Assuntos
Pessoal de Saúde , Greve , Humanos , África Subsaariana , Pessoal de Saúde/estatística & dados numéricos , Médicos/estatística & dados numéricos
7.
Bioethics ; 38(6): 549-557, 2024 Jul.
Artigo em Inglês | MEDLINE | ID: mdl-38759148

RESUMO

Public collective hunger strikes take place in complex social and political contexts, require medical attention and present ethical challenges to physicians. Empirical research, the ethical debate to date and existing guidelines by the World Medical Association focus almost exclusively on hunger strikes in detention. However, the public space differs substantially with regard to the conditions for the provision of health care and the diverse groups of healthcare providers or stakeholders involved. By reviewing empirical research on the experience of health professionals with public collective hunger strikes, we identified the following ethical challenges: (1) establishment of a trustful physician-striker relationship, (2) balancing of medico-ethical principles in medical decision-making, (3) handling of loyalty conflicts and (4) preservation of professional independence and the risk of political instrumentalization. Some of these challenges have already been described and discussed, yet not contextualized for public collective strikes, while others are novel. The presence of voluntary physicians may offer opportunities for a trustful relationship and, hence, for ethical treatment decisions. According to our findings, it requires more attention to how to realise autonomous medical decisions in the complex context of a dynamic, often unstructured and politically charged setting, which ethical norms should shape the professional role of voluntary physicians, and what is the influence of the hunger strikers' collective on individual healthcare decisions. Our article can serve as a starting point for further ethical discussion. It can also provide the basis for the development of potential guidelines to support health professionals involved in public collective hunger strikes.


Assuntos
Confiança , Humanos , Médicos/ética , Atenção à Saúde/ética , Greve/ética , Tomada de Decisões/ética , Ética Médica , Política , Fome , Prisioneiros
10.
11.
12.
13.
BMJ ; 384: q591, 2024 03 08.
Artigo em Inglês | MEDLINE | ID: mdl-38458642
15.
Health Policy Plan ; 39(5): 469-485, 2024 May 15.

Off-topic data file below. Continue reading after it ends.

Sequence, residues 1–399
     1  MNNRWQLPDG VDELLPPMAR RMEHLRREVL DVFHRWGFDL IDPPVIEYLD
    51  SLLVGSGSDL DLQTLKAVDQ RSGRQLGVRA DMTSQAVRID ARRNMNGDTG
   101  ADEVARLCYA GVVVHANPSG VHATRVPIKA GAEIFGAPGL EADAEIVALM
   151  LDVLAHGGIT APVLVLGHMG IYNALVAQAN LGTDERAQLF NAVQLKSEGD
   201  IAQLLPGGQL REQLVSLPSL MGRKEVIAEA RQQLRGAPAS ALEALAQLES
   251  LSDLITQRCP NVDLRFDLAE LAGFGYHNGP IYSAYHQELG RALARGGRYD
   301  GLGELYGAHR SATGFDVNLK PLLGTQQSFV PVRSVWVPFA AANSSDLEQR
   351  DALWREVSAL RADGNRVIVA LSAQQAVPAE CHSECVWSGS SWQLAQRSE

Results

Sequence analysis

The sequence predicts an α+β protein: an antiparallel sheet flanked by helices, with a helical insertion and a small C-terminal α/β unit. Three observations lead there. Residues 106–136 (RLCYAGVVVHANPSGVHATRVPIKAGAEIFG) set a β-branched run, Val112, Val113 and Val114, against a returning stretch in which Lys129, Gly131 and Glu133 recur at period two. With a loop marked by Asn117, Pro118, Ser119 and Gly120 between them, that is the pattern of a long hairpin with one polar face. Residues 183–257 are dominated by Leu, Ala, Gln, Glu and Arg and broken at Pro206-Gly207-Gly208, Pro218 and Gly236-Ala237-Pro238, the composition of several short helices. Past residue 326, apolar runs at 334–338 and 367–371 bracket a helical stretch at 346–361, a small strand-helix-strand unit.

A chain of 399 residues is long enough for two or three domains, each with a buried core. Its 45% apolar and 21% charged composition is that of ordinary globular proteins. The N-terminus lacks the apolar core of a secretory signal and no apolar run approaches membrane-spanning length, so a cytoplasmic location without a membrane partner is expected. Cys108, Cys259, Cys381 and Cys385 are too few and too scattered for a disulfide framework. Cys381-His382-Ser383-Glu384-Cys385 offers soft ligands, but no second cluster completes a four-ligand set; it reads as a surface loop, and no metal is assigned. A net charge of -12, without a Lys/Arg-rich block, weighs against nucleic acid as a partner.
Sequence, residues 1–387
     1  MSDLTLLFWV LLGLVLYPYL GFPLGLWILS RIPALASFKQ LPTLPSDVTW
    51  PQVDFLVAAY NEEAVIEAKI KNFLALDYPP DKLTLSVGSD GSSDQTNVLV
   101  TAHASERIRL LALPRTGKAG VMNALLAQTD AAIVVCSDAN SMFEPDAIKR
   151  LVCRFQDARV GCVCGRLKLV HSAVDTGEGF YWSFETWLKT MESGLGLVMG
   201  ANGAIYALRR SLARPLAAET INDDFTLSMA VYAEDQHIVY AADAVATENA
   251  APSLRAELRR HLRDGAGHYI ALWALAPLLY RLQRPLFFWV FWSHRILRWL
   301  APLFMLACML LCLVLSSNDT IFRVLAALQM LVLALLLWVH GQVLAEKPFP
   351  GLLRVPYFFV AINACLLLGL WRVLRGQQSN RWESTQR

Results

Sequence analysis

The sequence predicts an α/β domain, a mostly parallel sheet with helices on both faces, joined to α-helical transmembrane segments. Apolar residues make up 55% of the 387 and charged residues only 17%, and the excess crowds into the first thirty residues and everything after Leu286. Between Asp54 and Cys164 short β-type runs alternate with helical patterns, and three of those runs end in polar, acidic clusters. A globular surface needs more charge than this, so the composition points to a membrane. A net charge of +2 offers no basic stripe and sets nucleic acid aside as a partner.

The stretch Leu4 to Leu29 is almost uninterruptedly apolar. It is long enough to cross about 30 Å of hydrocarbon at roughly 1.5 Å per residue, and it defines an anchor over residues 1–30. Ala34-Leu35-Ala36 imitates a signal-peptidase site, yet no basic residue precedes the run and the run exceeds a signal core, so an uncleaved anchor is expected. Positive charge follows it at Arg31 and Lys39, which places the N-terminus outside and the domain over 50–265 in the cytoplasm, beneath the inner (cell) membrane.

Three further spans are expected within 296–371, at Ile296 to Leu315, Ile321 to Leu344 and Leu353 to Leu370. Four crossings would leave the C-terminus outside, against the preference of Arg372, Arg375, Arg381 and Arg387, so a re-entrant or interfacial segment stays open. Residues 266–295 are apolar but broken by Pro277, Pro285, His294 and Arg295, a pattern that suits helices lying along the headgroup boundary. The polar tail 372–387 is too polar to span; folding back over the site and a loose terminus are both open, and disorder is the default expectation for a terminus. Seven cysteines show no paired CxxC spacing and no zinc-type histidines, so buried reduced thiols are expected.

Artigo em Inglês | MEDLINE | ID: mdl-38498334

RESUMO

In low and middle-income countries like Ghana, private providers, particularly the grouping of faith-based non-profit health providers networked by the Christian Health Association of Ghana (CHAG), play a crucial role in maintaining service continuity during health worker strikes. Poor engagement with the private sector during such strikes could compromise care quality and impose financial hardships on populations, especially the impoverished. This study delves into the engagement between CHAG and the Government of Ghana (GoG) during health worker strikes from 2010 to 2016, employing a qualitative descriptive and exploratory case study approach. By analysing evidence from peer-reviewed literature, media archives, grey literature and interview transcripts from a related study using a qualitative thematic analysis approach, this study identifies health worker strikes as a persistent chronic stressor in Ghana. Findings highlight some system-level interactions between CHAG and GoG, fostering adaptive and absorptive resilience strategies, influenced by CHAG's non-striking ethos, unique secondment policy between the two actors and the presence of a National Health Insurance System. However, limited support from the government to CHAG member facilities during strikes and systemic challenges with the National Health Insurance System pose threats to CHAG's ability to provide quality, affordable care. This study underscores private providers' pivotal role in enhancing health system resilience during strikes in Ghana, advocating for proactive governmental partnerships with private providers and joint efforts to address human-resource-related challenges ahead of strikes. It also recommends further research to devise and evaluate effective strategies for nations to respond to strikes, ensuring preparedness and sustained quality healthcare delivery during such crises.


Assuntos
Pessoal de Saúde , Setor Privado , Greve , Gana , Humanos , Pessoal de Saúde/psicologia , Pesquisa Qualitativa , Parcerias Público-Privadas , Atenção à Saúde/organização & administração , Programas Nacionais de Saúde , Estudos de Casos Organizacionais
16.
BMJ ; 384: q311, 2024 02 06.
Artigo em Inglês | MEDLINE | ID: mdl-38320780
17.
BMJ ; 384: q361, 2024 02 09.
Artigo em Inglês | MEDLINE | ID: mdl-38336385
19.
BMJ ; 384: q164, 2024 02 01.
Artigo em Inglês | MEDLINE | ID: mdl-38302140
20.
BMJ ; 384: q322, 2024 02 12.
Artigo em Inglês | MEDLINE | ID: mdl-38346809
SELEÇÃO DE REFERÊNCIAS
DETALHE DA PESQUISA
...